I like using command objects as the ‘crux’ of my controllers. They encapsulate behavior without making models or controllers thick.
I think of commands as reactions to a signal (event). To produce a command I think first of the signal it is responding to. Let’s use an example:
class WidgetController < ApplicationController # We're assuming there's sufficient complexity in publishing # a widget to warrant a command. def update publish_command.execute(params[:widget]) if params[:publish] end private def publish_command Widget::PublishCommand.new(WidgetParamsParser.new) end end
The ‘signal’ that WidgetController emits is ‘Publish the widget’. It sends the only thing which is topical to this signal, the widget in question. This is a contextual dependency.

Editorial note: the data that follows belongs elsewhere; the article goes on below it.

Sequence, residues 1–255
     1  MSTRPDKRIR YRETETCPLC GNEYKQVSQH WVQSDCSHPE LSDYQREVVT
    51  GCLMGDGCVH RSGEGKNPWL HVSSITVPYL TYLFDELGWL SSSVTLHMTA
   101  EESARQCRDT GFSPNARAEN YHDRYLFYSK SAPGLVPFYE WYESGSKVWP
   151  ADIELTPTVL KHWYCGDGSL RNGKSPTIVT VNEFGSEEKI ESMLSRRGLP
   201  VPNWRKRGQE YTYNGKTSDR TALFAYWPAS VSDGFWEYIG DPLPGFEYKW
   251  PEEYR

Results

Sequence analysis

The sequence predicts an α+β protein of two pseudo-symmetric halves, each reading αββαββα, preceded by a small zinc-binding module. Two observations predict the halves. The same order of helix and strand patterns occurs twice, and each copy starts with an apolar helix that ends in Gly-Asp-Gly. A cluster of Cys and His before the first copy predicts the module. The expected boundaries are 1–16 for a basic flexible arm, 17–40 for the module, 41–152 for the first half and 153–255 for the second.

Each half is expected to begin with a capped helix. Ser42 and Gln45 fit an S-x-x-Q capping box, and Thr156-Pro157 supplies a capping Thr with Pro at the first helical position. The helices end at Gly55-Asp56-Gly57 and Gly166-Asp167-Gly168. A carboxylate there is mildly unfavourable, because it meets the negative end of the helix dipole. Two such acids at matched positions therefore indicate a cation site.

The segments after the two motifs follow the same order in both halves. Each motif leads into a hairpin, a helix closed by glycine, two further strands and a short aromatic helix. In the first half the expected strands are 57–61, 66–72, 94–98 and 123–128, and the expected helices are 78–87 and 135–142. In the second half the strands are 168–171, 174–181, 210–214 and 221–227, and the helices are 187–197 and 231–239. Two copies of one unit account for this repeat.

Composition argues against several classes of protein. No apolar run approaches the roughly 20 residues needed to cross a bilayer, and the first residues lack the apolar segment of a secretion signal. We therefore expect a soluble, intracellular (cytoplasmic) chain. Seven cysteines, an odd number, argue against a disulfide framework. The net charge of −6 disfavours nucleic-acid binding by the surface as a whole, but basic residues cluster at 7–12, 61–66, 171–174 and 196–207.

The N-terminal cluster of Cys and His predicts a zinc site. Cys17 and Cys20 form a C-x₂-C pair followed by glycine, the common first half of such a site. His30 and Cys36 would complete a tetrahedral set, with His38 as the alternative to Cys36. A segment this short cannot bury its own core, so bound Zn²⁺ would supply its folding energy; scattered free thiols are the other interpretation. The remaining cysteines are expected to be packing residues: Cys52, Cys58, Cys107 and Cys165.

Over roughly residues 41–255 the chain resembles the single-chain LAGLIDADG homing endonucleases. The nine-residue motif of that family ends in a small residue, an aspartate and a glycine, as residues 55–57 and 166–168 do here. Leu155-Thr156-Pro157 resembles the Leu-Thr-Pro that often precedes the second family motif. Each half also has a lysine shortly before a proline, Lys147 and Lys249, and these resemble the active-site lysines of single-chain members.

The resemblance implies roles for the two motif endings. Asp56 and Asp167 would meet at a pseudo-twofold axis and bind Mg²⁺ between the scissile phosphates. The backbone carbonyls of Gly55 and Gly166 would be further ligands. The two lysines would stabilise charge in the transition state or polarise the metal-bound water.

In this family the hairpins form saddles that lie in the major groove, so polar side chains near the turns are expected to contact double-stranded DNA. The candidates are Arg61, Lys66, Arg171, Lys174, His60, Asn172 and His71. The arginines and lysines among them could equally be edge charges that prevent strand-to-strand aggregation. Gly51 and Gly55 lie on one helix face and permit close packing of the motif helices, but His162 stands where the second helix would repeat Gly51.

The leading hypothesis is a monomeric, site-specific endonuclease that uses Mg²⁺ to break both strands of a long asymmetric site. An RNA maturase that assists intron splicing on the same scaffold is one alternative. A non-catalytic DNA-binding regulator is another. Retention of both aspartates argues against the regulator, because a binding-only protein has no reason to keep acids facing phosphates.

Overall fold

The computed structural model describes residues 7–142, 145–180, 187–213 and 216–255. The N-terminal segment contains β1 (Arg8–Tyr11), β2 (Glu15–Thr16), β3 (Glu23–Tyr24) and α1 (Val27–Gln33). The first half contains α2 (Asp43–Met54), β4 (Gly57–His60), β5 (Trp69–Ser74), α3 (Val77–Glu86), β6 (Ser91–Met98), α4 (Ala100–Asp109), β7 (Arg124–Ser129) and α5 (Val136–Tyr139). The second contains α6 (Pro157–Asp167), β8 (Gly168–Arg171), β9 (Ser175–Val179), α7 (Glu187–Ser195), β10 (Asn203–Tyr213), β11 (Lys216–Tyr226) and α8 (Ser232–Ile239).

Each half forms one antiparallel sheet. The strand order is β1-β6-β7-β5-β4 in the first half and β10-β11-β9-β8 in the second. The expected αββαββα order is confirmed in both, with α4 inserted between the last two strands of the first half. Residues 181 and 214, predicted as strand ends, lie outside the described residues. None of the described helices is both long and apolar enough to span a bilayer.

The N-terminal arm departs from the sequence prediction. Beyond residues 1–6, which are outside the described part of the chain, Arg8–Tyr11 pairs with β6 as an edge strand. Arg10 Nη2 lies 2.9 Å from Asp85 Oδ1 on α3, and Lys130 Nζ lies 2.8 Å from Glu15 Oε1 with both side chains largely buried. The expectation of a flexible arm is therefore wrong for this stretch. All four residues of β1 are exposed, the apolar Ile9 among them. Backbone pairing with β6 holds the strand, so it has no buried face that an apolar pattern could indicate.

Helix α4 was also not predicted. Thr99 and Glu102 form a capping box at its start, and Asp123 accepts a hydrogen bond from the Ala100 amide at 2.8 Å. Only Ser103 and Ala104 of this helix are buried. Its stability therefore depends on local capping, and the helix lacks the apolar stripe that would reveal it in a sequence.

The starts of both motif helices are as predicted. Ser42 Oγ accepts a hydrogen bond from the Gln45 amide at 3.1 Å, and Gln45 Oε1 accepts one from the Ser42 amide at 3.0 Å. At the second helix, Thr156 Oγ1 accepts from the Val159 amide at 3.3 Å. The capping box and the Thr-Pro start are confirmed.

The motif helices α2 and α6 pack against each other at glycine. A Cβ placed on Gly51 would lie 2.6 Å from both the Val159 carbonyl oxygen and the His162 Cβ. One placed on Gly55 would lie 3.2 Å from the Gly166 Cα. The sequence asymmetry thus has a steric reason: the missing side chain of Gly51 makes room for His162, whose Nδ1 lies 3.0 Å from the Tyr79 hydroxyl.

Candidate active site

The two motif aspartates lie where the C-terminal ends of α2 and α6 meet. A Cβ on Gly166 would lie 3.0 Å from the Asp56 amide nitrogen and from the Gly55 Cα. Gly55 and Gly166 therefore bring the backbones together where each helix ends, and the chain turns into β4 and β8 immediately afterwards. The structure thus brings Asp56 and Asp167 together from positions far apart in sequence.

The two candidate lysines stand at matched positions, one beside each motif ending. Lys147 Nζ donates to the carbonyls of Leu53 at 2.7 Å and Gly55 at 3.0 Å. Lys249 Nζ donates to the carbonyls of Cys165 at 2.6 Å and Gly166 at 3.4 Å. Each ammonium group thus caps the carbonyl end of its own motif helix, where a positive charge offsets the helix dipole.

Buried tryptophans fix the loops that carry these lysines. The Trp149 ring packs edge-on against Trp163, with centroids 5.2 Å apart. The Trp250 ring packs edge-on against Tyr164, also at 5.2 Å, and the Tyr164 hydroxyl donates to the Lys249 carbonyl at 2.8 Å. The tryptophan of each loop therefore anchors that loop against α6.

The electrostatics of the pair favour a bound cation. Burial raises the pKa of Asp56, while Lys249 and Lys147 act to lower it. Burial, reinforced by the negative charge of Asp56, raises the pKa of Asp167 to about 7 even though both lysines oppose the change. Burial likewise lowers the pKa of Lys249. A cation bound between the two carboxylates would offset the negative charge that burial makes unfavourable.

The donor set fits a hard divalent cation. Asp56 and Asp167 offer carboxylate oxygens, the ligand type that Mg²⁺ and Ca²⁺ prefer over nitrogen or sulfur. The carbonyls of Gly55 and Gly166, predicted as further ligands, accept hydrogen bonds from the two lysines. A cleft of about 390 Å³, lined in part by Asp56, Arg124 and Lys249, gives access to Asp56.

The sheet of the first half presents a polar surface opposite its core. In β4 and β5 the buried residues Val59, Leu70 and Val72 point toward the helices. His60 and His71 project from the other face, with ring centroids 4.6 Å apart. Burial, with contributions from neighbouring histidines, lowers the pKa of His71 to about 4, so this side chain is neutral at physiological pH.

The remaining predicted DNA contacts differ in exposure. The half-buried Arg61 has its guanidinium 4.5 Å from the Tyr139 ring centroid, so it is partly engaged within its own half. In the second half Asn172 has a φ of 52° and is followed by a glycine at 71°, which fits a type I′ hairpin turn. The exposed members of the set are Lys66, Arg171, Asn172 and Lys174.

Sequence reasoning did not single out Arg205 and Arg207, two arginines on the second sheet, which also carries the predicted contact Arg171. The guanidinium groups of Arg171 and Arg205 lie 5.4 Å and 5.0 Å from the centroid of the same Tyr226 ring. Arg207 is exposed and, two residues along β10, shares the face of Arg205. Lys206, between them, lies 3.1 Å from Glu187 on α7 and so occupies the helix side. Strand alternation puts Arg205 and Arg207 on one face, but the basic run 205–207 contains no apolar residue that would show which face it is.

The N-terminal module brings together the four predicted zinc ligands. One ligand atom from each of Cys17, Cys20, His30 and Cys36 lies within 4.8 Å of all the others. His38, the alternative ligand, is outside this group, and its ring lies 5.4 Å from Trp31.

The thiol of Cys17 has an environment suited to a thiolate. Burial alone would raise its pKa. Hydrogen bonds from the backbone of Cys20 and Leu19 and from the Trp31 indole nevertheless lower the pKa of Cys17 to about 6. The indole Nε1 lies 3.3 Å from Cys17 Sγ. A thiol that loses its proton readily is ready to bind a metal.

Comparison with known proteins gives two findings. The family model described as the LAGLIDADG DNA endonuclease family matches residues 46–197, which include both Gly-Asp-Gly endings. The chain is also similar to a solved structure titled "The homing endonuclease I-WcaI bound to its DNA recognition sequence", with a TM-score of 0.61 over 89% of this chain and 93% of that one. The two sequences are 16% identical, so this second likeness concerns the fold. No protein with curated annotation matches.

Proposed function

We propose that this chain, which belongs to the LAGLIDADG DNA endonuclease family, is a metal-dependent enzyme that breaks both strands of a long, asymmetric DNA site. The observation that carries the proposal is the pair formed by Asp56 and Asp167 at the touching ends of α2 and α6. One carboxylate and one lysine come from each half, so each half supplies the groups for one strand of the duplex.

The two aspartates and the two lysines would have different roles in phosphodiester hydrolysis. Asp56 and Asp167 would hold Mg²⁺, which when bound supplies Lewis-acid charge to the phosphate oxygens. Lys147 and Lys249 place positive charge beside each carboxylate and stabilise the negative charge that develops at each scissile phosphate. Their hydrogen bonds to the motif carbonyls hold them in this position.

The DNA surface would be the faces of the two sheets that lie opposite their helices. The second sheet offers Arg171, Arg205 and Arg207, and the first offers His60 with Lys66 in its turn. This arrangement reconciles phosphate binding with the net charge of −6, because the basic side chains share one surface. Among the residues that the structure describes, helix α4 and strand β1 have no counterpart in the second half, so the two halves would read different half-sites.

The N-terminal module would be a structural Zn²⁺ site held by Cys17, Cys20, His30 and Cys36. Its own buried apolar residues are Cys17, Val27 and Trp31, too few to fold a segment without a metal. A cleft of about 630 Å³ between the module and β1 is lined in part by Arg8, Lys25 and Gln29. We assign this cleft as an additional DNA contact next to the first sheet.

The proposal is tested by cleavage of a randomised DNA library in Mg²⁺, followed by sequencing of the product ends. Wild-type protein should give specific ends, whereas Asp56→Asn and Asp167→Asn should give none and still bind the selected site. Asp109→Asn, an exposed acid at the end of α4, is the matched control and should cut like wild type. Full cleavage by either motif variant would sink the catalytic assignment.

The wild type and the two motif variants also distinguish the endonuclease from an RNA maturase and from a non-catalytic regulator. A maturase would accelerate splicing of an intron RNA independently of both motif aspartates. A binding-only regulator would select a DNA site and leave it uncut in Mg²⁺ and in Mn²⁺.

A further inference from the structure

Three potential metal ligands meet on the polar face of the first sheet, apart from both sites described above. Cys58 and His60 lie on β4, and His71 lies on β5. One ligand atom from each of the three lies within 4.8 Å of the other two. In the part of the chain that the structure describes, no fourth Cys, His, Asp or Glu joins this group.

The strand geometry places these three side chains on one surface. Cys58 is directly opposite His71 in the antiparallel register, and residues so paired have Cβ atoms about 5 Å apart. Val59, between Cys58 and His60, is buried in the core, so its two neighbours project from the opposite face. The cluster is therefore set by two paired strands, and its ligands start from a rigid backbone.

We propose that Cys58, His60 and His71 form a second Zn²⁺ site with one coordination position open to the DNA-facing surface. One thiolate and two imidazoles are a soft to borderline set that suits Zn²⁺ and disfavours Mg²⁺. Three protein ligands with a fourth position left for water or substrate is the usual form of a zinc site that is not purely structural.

The command inverts control, passing it a parameter parser that knows how to deal with the representation used. This is a constructional dependency. In this particular case, I think it would be preferable to extract the builder for the PublishCommand because it’s no concern of the controller’s. Constructional dependencies have nothing to do with the signal.
I make the distinction between constructional and contextual dependencies so that I can communicate the intent of the command more clearly. By default I place constructional dependencies in the initialize method, or I define getter/setter dependencies, often with a clear default.
Another approach to construction injection defaults is highlighted here.
If we used some kind of orthogonal dependency injection framework, we could define a container that configures the common constructional dependencies for us. But that’s a topic of another post :D
For completeness, here’s a stub of Widget::PublishCommand
module Widget class PublishCommand def initialize(representation_parser) @representation_parser = representation_parser end def execute(widget_representation) normalized_widget = @representation_parser.parse(widget_representation) # complex stuff with widgets here end end
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